Life without email?

For most technology professionals (really most professionals of any kind) email is so integrated into our work that we can hardly imagine life without it.  Sure, it can be a distraction at times and – especially if you carry a wireless device – hard to escape from.  But it also greatly enhances productivity, allows us to communicate quickly and effectively and to have asynchronous interactions with a great number of people.  I know in my own work life I send and receive between 200 and 300 emails a day.  And since I’m already tied up on the phone or in meetings for at least 5 or 6 hours in any given day, email allows me to be significantly more productive (and to process more information and communication with a far greater number of people) than without it. 

So it’s with much curiosity that I’m watching my friend Mark Solon – a partner at Highway 12 Ventures in Idaho – experiment with an email free summer.  He describes the heart of his thesis this way: If the people who sent the majority of those e-mails knew that I didn’t have an inbox, they would have either picked up the phone and called me or (and this is the heart of it) probably wouldn’t have bothered because it really wasn’t that important after all.  The link above will take you to the article he wrote about the project. I like Mark, but I’m skeptical that this is going to work.  Even with his secretary printing out important documents (board packages and the like), the limits of old school communication in my mind significantly outweigh the upside from people self filtering their communications with you.  Not to mention, I’d be perpetually worried that I was missing something.

We’ll see what Mark has to say at the end of the summer.  I’m curious in the meantime – could you live without email?

  • Cory Levy

    Interesting experiment. I probably could not live without email because it is something that is integrated into my schedule. Everyday before and after school, I check my email. I have been doing this since the 4th grade! During the summer, I check it periodically throughout the day via iPhone.

    When I spoke at my elementary school, I learned that a third grader checks his email periodically throughout the day. Then again, he is different and reminds me of myself when I was a third grader. He is an entrepreneur at heart, without even knowing what that word means . I had no clue what that word meant for a while and still do not have a straight forward definition.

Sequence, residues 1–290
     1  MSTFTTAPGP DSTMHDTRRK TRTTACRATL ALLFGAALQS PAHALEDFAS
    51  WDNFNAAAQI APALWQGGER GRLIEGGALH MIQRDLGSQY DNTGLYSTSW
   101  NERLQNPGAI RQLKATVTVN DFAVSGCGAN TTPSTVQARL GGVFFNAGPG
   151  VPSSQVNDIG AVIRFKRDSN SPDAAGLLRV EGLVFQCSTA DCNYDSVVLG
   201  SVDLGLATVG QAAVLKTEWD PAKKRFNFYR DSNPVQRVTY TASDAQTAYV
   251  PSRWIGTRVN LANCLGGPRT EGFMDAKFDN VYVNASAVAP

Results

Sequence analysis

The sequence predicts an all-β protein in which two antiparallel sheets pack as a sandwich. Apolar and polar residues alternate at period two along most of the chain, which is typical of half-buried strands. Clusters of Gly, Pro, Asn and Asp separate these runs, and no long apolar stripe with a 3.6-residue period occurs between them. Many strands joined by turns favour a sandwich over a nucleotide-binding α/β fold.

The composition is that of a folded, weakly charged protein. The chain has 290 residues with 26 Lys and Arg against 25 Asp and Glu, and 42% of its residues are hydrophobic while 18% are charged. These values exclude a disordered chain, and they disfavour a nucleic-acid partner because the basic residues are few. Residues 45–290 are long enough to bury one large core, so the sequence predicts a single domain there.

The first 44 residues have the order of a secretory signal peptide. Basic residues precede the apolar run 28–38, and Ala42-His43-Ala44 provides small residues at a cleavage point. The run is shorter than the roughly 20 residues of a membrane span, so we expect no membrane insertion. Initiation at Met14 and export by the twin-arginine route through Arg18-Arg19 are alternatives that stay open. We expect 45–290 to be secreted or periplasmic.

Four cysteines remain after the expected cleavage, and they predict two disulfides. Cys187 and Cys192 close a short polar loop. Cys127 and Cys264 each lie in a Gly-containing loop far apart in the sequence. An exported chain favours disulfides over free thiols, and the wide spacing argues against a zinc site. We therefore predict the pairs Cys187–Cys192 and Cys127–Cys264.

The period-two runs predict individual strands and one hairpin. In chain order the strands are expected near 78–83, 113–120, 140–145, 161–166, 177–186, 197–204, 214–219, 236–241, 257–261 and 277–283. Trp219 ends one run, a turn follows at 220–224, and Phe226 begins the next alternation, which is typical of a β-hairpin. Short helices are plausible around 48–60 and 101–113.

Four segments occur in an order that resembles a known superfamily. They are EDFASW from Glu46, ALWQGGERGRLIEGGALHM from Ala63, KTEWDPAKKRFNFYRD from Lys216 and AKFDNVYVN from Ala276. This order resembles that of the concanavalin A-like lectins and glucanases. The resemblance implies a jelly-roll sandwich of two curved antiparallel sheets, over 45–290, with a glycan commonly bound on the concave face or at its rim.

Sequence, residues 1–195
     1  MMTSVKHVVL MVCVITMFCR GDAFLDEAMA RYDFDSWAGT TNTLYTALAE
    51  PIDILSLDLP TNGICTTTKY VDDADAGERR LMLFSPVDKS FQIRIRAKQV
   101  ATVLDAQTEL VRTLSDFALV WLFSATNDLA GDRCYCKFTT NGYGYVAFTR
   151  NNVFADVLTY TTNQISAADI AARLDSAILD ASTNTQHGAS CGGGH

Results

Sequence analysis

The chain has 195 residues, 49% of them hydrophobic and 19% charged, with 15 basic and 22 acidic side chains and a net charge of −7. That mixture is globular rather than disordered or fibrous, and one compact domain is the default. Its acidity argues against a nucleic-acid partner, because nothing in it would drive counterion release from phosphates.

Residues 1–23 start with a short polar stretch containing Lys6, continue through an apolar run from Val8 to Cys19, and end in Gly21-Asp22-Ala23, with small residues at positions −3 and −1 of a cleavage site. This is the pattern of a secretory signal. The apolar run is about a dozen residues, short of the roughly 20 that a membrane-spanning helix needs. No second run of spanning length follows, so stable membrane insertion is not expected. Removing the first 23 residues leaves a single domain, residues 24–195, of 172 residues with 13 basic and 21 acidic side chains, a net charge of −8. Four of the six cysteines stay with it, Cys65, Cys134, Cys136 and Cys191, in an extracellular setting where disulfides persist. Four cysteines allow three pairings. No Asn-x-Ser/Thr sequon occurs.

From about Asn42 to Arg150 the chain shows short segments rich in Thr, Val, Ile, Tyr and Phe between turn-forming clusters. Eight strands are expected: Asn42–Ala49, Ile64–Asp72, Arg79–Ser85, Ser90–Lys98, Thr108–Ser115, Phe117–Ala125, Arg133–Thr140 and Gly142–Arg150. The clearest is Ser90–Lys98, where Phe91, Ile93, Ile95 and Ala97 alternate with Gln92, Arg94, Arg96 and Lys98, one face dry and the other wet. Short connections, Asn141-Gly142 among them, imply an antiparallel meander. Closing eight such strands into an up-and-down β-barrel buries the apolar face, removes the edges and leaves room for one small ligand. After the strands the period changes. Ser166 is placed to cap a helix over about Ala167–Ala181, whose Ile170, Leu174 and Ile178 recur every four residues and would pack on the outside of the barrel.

However, I think my friends might be able to live without email. It is something that majority of them do not check periodically everyday. Slowly, email is becoming more and more important to check but I think the more appropriate question to ask is “Could you live without Facebook”? The answer to that question is going to be on my blog later today!

  • MikeK

    Mark is just making a choice on a personal preference for communication. In his case: increase phone calls, decrease or even eliminate email. Personally, there is no way I would prefer to increase the amount of calls I'm getting and I'm probably in good company. Mark's experiment is entertaining and provocative as a blog post though. But not much more in the professional world.

  • Bruce

    I've had an email account continuously since 1988 and even then it became an integral part of how I communicate. My emails have the exact same tone and voice as if I were talking to you. In any case, in all of that time, the longest I've been without email is two weeks while I was in Kenya / Uganda for a little over a month working on an exhibit about Lake Victoria. And, even then I was able to keep it down to two weeks by splicing into my Nairobi hotel's telephone connection and bypassing the operator at the switchboard.

  • While I could “live without email” I have no interest in that particular reality.

  • G

    No, or I'd never be able to “talk” to my husband!

    • sethlevine

      there's always twitter, my dear!

  • Great food for thought… When thinking about the myriad of ways I use Email 2.0 (I'm a gmail user), I don't think I could go more than a day or two without it. Here's a quick list of all the things I use my gmail account for today:

    1) Regular Email Correspondence
    2) Important File/Account/Information Archival (think frequent flyer numbers, lists of people, account logins, official documents)
    3) On the fly addressbook/maps management (I send short emails with an address or flight number to my email, rather than printing something out or knowing where the original information is stored)
    4) On the fly to do list management
    5) IM/Chat on demand in the flow of whatever email I am trying to respond to
    6) Essentially my communications hub across my mobile device, my laptop, and any other terminals from which I access my email